Four out of five UK citizens are in favour of the introduction of entitlement cards, including the use of biometrics, according to a survey published on Thursday.
The research, which was conducted on behalf of technology company SchlumbergerSema -- which supports the introduction of entitlement cards -- saw 1,000 people interviewed by telephone between 17 and 19 January, 2003.
Of this sample, 60 percent said they strongly supported the introduction of the card, with a further 20 percent saying they supported it.
Fifty percent of the sample also said they favoured the use of iris recognition as a biometric check, with 30 percent preferring the use of fingerprints. SchlumbergerSema itself supports the use of iris photography as a biometric test, but some observers have claimed that such technology is neither cheap enough nor reliable enough at this stage.
Reasons cited for supporting entitlement cards included "were to address fraud", "to enhance control of illegal immigration", and -- in SchlumbergerSema's words -- "a general view that making it easier to identify individuals was a good thing."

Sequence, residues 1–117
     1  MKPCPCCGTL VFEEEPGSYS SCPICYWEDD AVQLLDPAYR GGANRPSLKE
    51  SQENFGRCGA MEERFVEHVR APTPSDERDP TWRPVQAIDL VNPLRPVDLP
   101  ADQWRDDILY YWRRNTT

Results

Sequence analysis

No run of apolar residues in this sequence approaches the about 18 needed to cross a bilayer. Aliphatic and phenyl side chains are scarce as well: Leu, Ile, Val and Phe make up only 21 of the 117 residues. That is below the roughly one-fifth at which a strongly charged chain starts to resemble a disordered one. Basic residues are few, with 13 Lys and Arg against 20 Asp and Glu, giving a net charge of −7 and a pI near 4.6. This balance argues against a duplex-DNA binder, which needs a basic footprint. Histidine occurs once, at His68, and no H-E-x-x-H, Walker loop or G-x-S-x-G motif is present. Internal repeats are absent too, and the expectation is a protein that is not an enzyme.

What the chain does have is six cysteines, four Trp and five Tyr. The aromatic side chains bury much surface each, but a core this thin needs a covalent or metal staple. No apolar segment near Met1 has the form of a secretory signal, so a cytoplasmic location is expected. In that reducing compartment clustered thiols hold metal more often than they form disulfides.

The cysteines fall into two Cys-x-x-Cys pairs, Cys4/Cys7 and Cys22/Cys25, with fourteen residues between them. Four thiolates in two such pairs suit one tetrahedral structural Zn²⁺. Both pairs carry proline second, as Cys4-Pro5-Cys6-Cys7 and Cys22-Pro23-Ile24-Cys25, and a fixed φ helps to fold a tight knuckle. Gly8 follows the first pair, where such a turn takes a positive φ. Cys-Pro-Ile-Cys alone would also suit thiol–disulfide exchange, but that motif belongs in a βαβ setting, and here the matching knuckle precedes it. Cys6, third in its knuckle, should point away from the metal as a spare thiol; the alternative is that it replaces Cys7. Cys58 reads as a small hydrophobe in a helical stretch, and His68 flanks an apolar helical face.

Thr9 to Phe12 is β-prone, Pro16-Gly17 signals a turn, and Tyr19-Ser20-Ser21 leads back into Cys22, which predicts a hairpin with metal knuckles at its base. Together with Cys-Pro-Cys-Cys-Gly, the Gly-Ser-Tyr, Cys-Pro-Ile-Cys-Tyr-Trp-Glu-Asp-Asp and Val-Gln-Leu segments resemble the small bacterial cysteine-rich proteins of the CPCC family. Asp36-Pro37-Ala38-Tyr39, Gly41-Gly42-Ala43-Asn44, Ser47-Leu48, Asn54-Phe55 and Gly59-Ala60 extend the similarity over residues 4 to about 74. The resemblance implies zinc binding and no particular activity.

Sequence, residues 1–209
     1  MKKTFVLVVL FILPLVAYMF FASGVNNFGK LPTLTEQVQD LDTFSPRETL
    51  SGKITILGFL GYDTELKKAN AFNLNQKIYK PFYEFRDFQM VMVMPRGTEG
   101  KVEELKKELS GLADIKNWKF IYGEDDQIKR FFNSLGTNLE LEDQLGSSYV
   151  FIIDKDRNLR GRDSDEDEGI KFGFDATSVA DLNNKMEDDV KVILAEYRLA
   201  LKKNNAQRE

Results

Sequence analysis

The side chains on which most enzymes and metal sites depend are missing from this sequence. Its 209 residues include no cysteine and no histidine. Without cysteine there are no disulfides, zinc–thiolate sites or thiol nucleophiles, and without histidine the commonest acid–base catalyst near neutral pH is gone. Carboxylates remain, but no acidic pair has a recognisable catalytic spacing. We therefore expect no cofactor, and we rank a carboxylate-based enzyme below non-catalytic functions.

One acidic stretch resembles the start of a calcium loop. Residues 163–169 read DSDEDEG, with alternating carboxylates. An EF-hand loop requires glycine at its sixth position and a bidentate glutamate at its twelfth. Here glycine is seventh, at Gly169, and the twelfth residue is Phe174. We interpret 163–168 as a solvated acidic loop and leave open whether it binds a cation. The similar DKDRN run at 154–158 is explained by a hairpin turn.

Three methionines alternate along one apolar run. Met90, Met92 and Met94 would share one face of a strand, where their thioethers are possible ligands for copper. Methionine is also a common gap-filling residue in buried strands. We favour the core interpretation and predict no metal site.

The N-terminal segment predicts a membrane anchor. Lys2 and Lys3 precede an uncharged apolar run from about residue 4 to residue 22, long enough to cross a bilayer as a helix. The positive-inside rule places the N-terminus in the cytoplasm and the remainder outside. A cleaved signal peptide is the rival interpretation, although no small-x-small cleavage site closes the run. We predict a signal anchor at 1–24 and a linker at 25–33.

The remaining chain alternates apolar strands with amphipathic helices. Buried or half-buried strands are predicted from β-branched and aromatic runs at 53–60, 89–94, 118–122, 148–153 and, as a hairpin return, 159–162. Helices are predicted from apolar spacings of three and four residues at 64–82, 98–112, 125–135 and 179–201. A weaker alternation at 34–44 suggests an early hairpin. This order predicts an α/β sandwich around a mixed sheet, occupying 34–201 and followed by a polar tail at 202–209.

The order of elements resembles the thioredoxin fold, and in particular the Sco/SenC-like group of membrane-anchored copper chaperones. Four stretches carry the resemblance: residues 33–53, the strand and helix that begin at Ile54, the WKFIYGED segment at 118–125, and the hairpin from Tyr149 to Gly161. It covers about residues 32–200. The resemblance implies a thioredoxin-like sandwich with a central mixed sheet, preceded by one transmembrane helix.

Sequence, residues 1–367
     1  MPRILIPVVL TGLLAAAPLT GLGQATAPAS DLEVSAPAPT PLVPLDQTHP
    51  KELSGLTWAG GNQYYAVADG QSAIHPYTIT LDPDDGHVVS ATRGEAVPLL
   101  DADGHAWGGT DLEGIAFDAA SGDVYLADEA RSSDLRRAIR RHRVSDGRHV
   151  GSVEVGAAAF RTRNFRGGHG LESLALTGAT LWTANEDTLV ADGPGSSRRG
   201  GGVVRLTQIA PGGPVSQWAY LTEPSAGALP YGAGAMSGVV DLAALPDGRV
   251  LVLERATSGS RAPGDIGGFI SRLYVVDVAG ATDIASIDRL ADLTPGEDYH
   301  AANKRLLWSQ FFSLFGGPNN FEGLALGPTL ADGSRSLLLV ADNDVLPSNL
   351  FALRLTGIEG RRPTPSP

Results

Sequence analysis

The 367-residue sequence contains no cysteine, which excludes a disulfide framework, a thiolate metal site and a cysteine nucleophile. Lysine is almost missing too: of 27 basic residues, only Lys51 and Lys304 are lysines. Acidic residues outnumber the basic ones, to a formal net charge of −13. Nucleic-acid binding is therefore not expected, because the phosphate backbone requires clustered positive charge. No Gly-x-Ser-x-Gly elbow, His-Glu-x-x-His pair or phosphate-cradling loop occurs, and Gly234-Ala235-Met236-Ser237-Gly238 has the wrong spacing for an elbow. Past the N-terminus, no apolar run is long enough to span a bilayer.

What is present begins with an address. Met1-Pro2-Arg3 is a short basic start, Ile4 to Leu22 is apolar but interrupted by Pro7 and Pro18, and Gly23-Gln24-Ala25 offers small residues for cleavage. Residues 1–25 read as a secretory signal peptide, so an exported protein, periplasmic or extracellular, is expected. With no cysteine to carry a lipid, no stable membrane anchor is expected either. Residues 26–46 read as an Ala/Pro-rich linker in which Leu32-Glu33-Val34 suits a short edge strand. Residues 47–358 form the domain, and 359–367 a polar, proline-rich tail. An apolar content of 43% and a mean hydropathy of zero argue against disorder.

According to SchlumbergerSema, the degree of acceptance towards entitlement cards showed little variation by social class, by age group or by extent of Internet usage, which the firm claimed "suggests a broad consensus spanning the so-called 'digital divide'."
The government launched a consultation into the issue of entitlement cards back in July 2002, and it is due to close on Friday. Supporters of entitlement cards claim they will reduce illegal immigration and identity fraud, and make it easier for citizens to access government services.
Opponents, though, say they are in effect universal identity cards, that the government won't keep the necessary database secure, and that such cards will fail to control either identity fraud or illegal immigration.
SchlumbergerSema's survey adds to the confusion over the public's level of acceptance about entitlement cards. In December, the government said it had received some 2,000 public responses to its consultation, running two to one in favour. Since then, privacy advocates have stepped up their campaigning against the idea, and Stand claims that almost 5,000 people have contacted the Home Office to oppose the scheme via the Stand Web site.
Privacy International has launched a scheme where people can call a telephone number to leave a message either in support or opposition of entitlement cards, which it will then convert to an audio file and forward to the government.
Privacy International director Simon Davies told ZDNet UK that at the end of last week this project had received around 700 calls, of which two-thirds were in opposition.